After hearing the thoughts of the analysts, I wonder if they are perhaps being too cautious about their expectations for the new shatterproof display.
Broken displays are one of the most aggravating things I hear about from users, and the large number of brick-and-mortar and online stores where consumers can have their displays replaced attests to how prevalent a problem this continues to be. When a display cracks or shatters from a simple fall, that is a flaw, and if it can be prevented by an innovative screen design, I believe that users will take a very close look at a device that offers one. If Motorola piled this phone with enough other good features, this ShatterShield innovation could be just what consumers clamor for as they buy new devices. We’ll have to see what happens with Motorola’s sales figures in the future to get clear results.
So what is the ShatterShield? It starts on the outside with an exterior protective lens that includes a proprietary hard coating designed to guard against dents and abrasion. Below that layer is an interior lens, which is a highly transparent layer that provides a clear protective shield that won’t crack or shatter. Under the interior lens is a dual touch layer that takes over touch-screen performance if the primary touch-sensitive layer is damaged due to an impact. The fourth layer is made up of a flexible 5.4-inch AMOLED quad HD display that also absorbs shock while providing excellent picture quality. The fifth layer of the smartphone’s display is a rigid aluminum chassis that provides structural integrity and durability, serving as a base for the ShatterShield technology.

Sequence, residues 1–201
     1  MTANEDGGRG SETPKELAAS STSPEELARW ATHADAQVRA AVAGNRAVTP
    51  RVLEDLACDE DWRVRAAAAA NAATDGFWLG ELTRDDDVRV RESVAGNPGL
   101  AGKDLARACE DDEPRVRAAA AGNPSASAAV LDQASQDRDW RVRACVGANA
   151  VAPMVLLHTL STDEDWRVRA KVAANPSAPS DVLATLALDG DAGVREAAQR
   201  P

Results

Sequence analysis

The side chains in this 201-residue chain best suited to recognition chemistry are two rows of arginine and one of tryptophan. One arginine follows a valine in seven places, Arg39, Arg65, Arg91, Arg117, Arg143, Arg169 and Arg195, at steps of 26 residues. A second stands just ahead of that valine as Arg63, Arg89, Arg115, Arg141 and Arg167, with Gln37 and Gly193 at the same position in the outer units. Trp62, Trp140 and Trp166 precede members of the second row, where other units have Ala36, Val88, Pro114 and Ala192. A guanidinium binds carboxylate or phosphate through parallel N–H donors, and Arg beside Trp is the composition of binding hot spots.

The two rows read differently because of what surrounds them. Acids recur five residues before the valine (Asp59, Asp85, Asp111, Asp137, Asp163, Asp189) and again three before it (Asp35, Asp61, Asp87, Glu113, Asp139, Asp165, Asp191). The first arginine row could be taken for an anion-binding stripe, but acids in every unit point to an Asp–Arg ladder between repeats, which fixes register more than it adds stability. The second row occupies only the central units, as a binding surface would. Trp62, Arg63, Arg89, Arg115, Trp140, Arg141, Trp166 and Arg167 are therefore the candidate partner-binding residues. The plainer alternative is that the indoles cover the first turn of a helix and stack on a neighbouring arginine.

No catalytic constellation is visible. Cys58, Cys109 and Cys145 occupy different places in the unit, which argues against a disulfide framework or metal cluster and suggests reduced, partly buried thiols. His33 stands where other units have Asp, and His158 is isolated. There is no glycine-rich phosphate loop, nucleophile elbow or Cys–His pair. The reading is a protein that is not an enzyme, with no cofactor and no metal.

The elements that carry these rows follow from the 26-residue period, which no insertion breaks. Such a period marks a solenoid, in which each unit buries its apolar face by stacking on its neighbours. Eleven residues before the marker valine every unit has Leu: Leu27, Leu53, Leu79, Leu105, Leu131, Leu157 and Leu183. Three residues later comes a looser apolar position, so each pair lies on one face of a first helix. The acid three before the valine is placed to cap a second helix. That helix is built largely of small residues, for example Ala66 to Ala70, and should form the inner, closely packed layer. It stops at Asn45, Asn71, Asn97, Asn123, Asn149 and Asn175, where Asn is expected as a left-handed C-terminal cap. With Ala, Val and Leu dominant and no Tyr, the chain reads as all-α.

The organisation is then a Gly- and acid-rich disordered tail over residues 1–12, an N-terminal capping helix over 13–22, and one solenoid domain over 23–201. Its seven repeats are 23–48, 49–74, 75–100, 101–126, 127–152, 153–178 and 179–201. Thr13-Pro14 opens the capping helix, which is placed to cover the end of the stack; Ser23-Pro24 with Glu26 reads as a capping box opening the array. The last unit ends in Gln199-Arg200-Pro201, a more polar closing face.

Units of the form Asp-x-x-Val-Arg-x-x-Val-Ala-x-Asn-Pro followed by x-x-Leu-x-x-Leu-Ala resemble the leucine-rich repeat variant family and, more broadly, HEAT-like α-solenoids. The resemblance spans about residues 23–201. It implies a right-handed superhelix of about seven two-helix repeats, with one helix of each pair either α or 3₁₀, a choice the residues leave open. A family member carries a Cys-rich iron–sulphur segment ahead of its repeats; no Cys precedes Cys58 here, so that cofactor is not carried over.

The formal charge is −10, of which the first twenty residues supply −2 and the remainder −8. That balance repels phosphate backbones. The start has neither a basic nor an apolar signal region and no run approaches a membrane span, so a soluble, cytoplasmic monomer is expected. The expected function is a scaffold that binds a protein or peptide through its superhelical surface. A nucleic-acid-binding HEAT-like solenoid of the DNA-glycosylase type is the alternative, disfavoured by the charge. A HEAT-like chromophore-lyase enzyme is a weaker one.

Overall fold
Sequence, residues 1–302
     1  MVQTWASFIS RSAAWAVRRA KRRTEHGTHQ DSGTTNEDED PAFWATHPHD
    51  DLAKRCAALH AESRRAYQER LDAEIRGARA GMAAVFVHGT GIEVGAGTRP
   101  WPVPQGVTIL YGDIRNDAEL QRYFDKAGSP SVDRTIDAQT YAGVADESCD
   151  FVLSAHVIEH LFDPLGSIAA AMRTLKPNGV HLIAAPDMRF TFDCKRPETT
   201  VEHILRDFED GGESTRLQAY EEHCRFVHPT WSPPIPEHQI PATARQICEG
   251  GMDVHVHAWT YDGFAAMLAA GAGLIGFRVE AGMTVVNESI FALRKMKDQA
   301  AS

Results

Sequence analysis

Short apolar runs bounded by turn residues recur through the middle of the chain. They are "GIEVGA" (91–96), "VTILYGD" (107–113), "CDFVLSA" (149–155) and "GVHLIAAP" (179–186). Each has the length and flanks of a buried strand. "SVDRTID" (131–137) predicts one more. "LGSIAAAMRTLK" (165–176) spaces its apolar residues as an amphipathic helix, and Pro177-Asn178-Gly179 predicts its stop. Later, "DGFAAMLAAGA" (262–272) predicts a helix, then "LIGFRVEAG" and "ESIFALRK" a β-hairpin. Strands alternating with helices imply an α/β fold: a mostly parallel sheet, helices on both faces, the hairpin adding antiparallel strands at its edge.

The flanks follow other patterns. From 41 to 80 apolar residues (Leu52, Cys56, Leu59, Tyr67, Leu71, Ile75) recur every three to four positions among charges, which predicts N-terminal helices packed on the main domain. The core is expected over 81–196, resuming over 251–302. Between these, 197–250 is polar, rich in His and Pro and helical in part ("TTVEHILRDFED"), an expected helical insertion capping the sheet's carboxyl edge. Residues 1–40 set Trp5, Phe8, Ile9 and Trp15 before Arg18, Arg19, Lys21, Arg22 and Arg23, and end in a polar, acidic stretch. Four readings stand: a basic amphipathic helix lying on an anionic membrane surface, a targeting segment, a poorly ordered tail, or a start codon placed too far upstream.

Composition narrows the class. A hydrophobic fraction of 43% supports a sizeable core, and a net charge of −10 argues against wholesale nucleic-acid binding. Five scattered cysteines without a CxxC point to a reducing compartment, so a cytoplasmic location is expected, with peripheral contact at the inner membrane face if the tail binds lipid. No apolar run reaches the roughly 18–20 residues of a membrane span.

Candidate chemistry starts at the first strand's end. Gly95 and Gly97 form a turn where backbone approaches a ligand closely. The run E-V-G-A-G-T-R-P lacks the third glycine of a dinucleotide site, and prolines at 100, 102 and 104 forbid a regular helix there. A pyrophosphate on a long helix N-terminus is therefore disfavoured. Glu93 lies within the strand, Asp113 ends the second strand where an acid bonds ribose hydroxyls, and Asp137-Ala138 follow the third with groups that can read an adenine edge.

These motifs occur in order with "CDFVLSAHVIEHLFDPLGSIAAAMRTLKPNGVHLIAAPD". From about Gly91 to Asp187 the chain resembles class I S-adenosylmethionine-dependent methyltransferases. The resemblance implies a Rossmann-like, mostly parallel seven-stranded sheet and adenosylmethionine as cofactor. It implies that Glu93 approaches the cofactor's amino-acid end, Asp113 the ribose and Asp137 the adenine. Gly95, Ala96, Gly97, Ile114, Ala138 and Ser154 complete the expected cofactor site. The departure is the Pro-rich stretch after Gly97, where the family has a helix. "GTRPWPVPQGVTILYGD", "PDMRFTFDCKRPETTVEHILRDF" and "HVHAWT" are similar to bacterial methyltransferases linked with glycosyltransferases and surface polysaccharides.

The Droid Turbo 2 is now available through Verizon, starting at $624 ($26 per month for 24 months) for a 32GB version, or for $720 ($30 per month for 24 months), which lets owners send their phones back to Motorola for a full design do-over within two years that includes a bump-up to 64GB of internal storage. A leather device covering, if chosen, is an additional $24. The phones also can be purchased through Motorola.
The Droid Turbo 2 is a 4G LTE phone that features a 2GHz Qualcomm Snapdragon 810 octa-core processor; 3GB of LPDDR4 memory; a 21-megapixel rear camera with dual LED CCT flash, zero shutter lag and rapid focus; a 5MP front camera with flash and a wide-angle lens; and a water-repellent nano-coating to protect the device from moisture and spills. It also includes a microSD card slot that supports SC cards up to 2TB, a 3,760mAh battery that provides power for up to 48 hours on a charge and Turbo Power fast charging that can provide up to 13 hours of battery life in just 15 minutes, according to Motorola. The phone runs on the Android 5.1 Lollipop operating system, but will be upgraded in the future to Android 6.0 Marshmallow.
With the Moto X design service, users can pick the colors and materials used to build their personal smartphones, choosing from more than 1,000 different combinations of colors and materials. Verizon customers can design and order their Droid Turbo 2 devices online or in Verizon stores.